Tag Archives: text

Nov 12 2014

Sort DAT tutorial.

The Sort DAT. TouchDesigner 088. 2014.
The Sort DAT allows you to re-arrange rows and columns in tables based on specific criteria.

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Let’s examine the sort DAT.

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The sort DAT will sort incoming
table DAT entries by row or by
column.

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Remember, we can click the
“edit” button in the table DAT
parameters to launch our default
text editor.

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We wire our table DAT to a sort
DAT.

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In the sort DAT, we must choose
use a sort method.

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Here we will sort our rows, and
we specify a column index of
0 because we only have one
column.

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We choose to order our incoming
data alphabetically.

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Let’s look at some more
complicated sorting methods.

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Here we sort our rows, but we
change our column index to 1.

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Since our columns are indexed on
a base 0 numbering system, we
are now sorting the numerical
entries in the second column.

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The sorted values now step
numerically- 8, 9, 20, 22 and
77.

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Now we sort column index 2,
which is our third column.

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Our row entries now step 3, 6,
6, 8 and 66.

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In this example we will sort our
incoming table DAT entries by
column.

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We turn on the “preserve first”
option in the parameters panel.

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This allows our first column, in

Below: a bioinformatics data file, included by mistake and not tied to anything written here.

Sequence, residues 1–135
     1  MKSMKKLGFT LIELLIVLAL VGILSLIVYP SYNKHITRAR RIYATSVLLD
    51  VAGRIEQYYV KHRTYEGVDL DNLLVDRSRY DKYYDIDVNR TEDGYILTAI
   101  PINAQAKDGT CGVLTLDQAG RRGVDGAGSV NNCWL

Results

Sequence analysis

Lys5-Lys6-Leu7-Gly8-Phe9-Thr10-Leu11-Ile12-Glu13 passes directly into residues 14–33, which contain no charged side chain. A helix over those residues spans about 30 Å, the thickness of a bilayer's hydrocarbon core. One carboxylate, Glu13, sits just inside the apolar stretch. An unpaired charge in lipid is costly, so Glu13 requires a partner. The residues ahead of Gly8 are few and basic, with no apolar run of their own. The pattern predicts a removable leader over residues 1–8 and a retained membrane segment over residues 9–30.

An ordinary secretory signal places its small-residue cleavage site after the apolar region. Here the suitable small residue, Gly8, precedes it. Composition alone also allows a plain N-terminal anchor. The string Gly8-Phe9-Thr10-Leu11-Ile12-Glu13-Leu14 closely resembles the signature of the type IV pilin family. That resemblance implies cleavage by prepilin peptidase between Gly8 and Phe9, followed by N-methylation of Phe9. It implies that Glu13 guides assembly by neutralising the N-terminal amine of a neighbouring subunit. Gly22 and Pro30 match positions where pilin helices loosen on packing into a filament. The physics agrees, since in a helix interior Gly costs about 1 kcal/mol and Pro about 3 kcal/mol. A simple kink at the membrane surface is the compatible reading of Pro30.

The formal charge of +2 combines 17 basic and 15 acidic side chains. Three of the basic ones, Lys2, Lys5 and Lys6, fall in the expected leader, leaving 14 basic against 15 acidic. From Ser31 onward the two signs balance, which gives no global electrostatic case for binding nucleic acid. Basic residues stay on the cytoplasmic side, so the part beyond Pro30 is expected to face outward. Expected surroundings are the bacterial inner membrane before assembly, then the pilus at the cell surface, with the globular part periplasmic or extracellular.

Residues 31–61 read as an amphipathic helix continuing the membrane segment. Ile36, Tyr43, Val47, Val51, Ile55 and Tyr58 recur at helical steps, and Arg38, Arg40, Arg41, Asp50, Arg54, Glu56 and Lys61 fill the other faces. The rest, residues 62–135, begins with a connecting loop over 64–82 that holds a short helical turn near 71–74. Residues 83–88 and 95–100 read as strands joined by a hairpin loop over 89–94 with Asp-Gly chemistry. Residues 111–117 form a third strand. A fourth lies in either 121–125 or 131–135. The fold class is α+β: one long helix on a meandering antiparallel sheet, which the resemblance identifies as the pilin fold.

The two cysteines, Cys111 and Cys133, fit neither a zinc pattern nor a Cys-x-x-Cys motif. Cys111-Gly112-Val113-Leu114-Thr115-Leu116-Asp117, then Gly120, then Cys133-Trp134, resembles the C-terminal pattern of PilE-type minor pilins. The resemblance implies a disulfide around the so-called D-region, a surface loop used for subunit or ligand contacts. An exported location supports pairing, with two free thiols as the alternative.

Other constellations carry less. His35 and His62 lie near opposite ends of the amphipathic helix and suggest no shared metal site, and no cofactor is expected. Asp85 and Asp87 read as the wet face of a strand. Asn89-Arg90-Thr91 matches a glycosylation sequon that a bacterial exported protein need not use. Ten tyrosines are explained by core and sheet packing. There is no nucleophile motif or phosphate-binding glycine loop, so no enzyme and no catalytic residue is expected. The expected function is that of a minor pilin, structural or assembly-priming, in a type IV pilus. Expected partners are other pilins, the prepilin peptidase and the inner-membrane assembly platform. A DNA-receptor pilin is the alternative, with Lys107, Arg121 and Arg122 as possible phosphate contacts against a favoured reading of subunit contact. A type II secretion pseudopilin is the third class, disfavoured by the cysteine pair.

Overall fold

this case our row identification
entries, to retain their
original order.

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If we specify a row index of 0,
we will sort our columns based
on the values in the first row.

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The columns that begin with the
values 22, 3, and 7, are now
re-ordered into 3, 7, 22.

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Let’s change to specify row
index 1.

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Now we re-sort our columns based
on the entries in the second
row.

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The sort DAT is a simple but
very effective way to
restructure table data.

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Nov 12 2014

Insert DAT tutorial.

The Insert DAT. TouchDesigner 088. 2014.
The Insert DAT is a handy and flexible Operator. Manipulating and re-formatting tables is a common practice; the Insert DAT can help you make targeted changes to DAT networks.

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Let’s examine the insert DAT.

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We start with a table DAT.

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It’s important to remember that
by clicking the “viewer active”
tab on the bottom right we can
edit the contents of our table
DAT directly in the node.

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We can also press the “edit”
button in the table DAT
parameters to launch our default
text editor.

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Changes we make in the text
editor will be saved in the
table DAT.

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We wire the table DAT to an
insert DAT.

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We choose to insert a column
before the first column.

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In the contents field we type in
the text strings we would like
to add to the new table.

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We’ve separated each addition of
new text with a space.

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This automatically separates the
new text content into a new row.

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Each character grouping
separated by a space will be-
come a new row.

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The insert DAT will
automatically adjust for
leftover rows by creating blank
cells.

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We can use any text strings we
like to create new row content.

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For this example, instead of
manually entering our character
groupings, we will use Python to
create an automatic row
insertion.

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Let’s examine this Python
expression.

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We’ll use the “string join”
Python method.

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In a “for loop”, we will iterate
over the incoming number of
table rows.

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For each table row, we will
create a string consisting of a
header and the number of that